Without Justin Timberlake, we might all have been without sexy, since, regrettably, no one else brought it back this summer. But the confident declaration the he is “bringing sexyback” on “SexyBack,” the first single off his sophomore solo release, was only the beginning of Timberlake’s sexual revolution — he has crammed his panting lyrics, grinding synths and even GQ-esque liner art with sex. “FutureSex/LoveSounds” shows that he has explored this elusive thing which he terms “sexy.” What is sexy? Perhaps Timberlake’s defiance of proper grammar is further proof of just how sexy he is.
No one may really know what sexy means, but one thing is for sure: Justin Timberlake knows how to get what he wants. He began humbly as a member of N*SYNC and defied all expectations with this solo debut, “Justified,” in 2002. He packed that album with a resolute punch, channeling the vibrant falsetto of Michael Jackson in his heyday, and delivered a handful of hits. Though still subtle, he let the sex seep into the off-beat “Like I Love You” and the soulful “Senorita,” and then took it down several notches and won our allegiance with his crooning on “Cry Me a River.”
On “FutureSex/LoveSounds,” he takes it all one step further. His lyrics could be evidence of his maturity, but more likely indicate his transformation into a true sexual predator. His beats are more complicated, as he layers several aural elements over one another. And his work with Timbaland, the default producer of all this summer’s hits, proved beneficial. Timberlake’s sound has grown, and his scope has broadened (certainly thanks to the productive elements introduced by Timbaland), resulting in a second album that will remain both on national radio stations and your iTunes for years to come.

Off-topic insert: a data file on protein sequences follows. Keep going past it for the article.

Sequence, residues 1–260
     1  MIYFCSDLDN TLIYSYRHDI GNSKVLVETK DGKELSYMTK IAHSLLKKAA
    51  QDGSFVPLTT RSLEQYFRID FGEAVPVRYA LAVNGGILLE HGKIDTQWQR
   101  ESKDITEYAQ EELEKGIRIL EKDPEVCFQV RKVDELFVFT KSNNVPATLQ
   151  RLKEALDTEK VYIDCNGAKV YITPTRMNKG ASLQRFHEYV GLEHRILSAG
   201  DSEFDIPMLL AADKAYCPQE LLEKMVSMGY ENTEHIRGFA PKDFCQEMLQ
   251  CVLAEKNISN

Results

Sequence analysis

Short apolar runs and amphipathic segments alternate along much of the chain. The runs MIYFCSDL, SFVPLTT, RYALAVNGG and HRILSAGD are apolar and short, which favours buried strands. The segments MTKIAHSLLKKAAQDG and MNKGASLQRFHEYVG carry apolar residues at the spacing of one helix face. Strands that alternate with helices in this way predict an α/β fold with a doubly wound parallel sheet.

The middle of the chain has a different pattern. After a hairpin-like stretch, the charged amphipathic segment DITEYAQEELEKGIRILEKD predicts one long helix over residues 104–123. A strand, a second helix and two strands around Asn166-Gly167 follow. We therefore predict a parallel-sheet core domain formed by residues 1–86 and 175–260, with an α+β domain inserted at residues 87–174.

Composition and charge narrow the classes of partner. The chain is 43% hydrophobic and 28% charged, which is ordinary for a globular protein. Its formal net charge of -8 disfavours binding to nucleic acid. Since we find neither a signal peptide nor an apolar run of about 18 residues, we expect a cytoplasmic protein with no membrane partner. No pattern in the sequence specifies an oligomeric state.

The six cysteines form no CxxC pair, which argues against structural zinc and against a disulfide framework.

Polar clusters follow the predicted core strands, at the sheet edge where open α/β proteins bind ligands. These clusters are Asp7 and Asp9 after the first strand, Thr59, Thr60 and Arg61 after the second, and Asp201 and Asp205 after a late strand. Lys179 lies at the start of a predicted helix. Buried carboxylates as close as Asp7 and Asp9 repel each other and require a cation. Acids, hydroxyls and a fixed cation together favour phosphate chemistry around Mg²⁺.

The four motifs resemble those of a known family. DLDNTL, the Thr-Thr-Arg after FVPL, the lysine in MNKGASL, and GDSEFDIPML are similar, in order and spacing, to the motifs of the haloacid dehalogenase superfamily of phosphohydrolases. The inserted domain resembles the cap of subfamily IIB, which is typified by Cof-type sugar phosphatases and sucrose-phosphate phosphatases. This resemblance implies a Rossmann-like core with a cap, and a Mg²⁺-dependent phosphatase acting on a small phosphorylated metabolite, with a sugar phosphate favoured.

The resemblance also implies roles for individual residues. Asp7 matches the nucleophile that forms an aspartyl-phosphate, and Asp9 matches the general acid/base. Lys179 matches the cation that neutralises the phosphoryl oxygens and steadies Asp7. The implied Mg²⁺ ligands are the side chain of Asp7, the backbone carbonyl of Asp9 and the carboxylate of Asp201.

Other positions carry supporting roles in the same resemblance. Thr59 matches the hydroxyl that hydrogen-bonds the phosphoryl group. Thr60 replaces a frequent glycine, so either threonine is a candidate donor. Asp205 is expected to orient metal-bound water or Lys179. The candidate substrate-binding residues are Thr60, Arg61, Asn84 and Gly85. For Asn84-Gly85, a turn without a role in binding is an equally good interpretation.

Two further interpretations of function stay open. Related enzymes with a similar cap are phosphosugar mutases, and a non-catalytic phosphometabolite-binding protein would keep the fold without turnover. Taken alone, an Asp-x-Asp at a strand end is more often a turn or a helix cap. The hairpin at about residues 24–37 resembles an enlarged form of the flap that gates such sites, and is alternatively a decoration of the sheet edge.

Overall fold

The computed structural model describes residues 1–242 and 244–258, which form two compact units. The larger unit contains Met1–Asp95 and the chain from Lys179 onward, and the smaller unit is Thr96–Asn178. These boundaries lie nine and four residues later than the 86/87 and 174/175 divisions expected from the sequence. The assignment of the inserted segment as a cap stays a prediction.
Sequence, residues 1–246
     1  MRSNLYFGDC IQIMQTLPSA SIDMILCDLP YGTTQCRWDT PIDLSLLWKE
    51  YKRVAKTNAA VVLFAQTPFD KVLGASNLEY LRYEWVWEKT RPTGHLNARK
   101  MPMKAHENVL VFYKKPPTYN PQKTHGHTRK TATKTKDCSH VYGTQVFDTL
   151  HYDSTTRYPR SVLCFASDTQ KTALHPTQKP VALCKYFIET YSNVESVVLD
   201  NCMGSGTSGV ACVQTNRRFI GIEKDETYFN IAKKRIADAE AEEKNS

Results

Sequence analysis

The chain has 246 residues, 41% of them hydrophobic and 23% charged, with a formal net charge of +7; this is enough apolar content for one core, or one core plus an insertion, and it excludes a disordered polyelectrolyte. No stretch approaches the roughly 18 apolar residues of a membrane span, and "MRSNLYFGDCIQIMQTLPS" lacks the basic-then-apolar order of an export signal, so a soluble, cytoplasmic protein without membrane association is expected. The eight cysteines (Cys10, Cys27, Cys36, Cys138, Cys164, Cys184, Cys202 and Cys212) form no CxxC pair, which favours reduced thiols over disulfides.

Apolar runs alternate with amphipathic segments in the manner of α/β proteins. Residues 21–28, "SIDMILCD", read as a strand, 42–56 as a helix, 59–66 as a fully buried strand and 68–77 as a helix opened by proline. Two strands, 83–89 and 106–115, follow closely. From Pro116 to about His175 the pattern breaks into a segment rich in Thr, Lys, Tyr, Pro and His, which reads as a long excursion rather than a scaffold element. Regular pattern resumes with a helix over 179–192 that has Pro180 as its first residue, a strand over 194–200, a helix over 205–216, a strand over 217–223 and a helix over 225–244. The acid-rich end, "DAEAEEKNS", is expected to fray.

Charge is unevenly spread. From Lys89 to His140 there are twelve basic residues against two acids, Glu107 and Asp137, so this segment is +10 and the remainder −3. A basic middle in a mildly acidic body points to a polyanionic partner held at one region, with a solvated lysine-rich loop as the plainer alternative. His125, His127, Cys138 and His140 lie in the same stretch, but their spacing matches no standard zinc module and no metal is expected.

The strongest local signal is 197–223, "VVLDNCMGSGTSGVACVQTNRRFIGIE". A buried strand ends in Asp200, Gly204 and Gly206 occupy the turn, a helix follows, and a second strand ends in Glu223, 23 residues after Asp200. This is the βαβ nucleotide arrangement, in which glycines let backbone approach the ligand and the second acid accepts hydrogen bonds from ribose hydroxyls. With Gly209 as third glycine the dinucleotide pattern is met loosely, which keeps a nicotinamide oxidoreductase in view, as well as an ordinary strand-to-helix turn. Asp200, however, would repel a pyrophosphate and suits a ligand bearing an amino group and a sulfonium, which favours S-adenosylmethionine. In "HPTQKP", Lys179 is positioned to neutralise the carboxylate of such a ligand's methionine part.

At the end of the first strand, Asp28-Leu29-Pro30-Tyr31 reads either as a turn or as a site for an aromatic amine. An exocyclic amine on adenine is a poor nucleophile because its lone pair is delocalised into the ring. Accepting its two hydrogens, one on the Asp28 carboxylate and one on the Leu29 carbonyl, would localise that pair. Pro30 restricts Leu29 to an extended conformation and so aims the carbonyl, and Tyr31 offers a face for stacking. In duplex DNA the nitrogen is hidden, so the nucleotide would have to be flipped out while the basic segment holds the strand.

The carnal motif is quite blatant on the record. Considering his most recent Rolling Stone cover states “Wet Dream: The New King of Sex Gets Loose,” what else did you expect? The titles of the album and the first three tracks all include the S word, all songs except for one (the misguided and maudlin anti-drug ballad “Losing My Way,” about the dangers of cocaine) are about sex, and Timberlake always backs each song with a music video chock-full of gyrating hips and undulating bodies. Yet, at times, his approach is a bit juvenile. He emphatically declares, “See everybody says you’re hot baby, but can you make it hot for me?” on the title track and, “She’s freaky and she knows it/ She’s freaky and I like it” on “LoveStoned/ I Think She Knows Interlude.” Not very suave, JT.
Still, Timberlake’s ambition shines through on this record. Sure, all his songs are a bit formulaic, but what’s wrong with following a formula if it works? His singles prove he knows all the elements of a surefire pop song — a solid hook and catchy lyrics, complemented by an attractive personality — and he capitalizes on it. “SexyBack,” hands down the most memorable single of the summer, has the staying power to carry through the fall. Timberlake stutters and pants all over the place, yet he and Timbaland still churn out a power pop anthem.
“LoveStoned/ I Think She Knows Interlude” presents two songs in one. It begins a caustic dance track (“LoveStoned”) and slowly evolves into a sweet ballad (“I Think She Knows”), still centered around the same chorus. The juxtaposition of the brash and the melancholic serves as a perfect metaphor for Timberlake himself and the image he projects: On the one hand there’s the boy in the boy band, the former Mickey Mouse Club Member, and on the other is his newer “mature” stance, the one with a healthy dose of danger and a plethora of pelvic thrusts.
There are still many questions surrounding Timberlake’s latest album. Why are all the songs so long (no track clocks in under four minutes)? Why do most tracks collapse into a weak R&B drone? Is the pedantic “Losing My Way” really necessary? What’s with the gratuitous use of the slash? And why does he feel the need to clumpallhiswordstogether? But these issues pale in comparison to the overwhelming vision and fun that he grants the listener. No one knows where sexy went or when exactly it disappeared, but Justin Timberlake deserves a hearty thank you for bringing it back.